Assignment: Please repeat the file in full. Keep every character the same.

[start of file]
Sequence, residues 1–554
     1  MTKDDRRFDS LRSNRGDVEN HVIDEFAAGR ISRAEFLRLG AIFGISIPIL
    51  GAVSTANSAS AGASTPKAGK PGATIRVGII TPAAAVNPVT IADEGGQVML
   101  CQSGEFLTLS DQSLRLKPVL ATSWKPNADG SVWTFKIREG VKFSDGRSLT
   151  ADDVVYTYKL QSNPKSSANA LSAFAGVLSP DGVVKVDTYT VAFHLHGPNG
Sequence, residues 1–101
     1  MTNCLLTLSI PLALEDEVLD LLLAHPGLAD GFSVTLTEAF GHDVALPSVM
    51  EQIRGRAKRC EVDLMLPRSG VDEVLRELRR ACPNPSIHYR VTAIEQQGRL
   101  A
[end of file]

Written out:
Sequence, residues 1–554
     1  MTKDDRRFDS LRSNRGDVEN HVIDEFAAGR ISRAEFLRLG AIFGISIPIL
    51  GAVSTANSAS AGASTPKAGK PGATIRVGII TPAAAVNPVT IADEGGQVML
   101  CQSGEFLTLS DQSLRLKPVL ATSWKPNADG SVWTFKIREG VKFSDGRSLT
   151  ADDVVYTYKL QSNPKSSANA LSAFAGVLSP DGVVKVDTYT VAFHLHGPNG
Sequence, residues 1–101
     1  MTNCLLTLSI PLALEDEVLD LLLAHPGLAD GFSVTLTEAF GHDVALPSVM
    51  EQIRGRAKRC EVDLMLPRSG VDEVLRELRR ACPNPSIHYR VTAIEQQGRL
   101  A